Labour have called for Google's "derisory" tax deal to be investigated by the public spending watchdog.
The internet giant reached an agreement with HM Revenues and Customs to pay £130m to cover tax owed since 2005 and will also start to pay taxes "based on revenue from UK-based advertisers".
But the shadow chancellor said the public would be "sceptical" about the "derisory" settlement and called for the National Audit Office to launch an inquiry into the deal.
John McDonnell said he would demanding details of the deal from Chancellor George Osborne in parliament on Monday.
"It looks to me from all the independent analysis that this is relatively trivial in comparison with what should have been paid," he told BBC Radio 4's Today programme.
The move comes after years of criticism of Google and other multinational firms over their tax arrangement in the UK and across Europe.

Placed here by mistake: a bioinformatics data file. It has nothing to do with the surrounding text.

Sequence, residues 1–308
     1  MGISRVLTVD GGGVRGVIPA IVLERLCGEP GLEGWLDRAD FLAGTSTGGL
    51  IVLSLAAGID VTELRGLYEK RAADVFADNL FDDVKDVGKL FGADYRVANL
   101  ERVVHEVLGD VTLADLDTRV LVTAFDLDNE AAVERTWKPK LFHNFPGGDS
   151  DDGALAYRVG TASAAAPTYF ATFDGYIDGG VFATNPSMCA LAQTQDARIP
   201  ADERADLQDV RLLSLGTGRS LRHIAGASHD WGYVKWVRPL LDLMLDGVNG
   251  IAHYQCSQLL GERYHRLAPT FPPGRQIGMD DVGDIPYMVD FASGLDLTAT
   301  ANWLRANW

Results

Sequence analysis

Mr Osborne described the payments as a "victory" for action on tax avoidance:
Meg Hillier, who chairs the Common's Public Accounts Committee (PAC,) will call Google and HMRC representatives before MPs to explain the deal, which she said showed the taxman "admitting it pulled in too little tax from Google for nine out of 10 years".
"HMRC now needs to assure taxpayers that it will keep up the pressure to tackle whatever the next emerging issue is in real time, rather than years later. It is effectively admitting it pulled in too little tax from Google for nine out of 10 years."
An HMRC spokesman said: "The successful conclusion of HMRC inquiries has secured a substantial result, which means that Google will pay the full tax due in law on profits that belong in the UK. Multinational companies must pay the tax that is due and we do not accept less."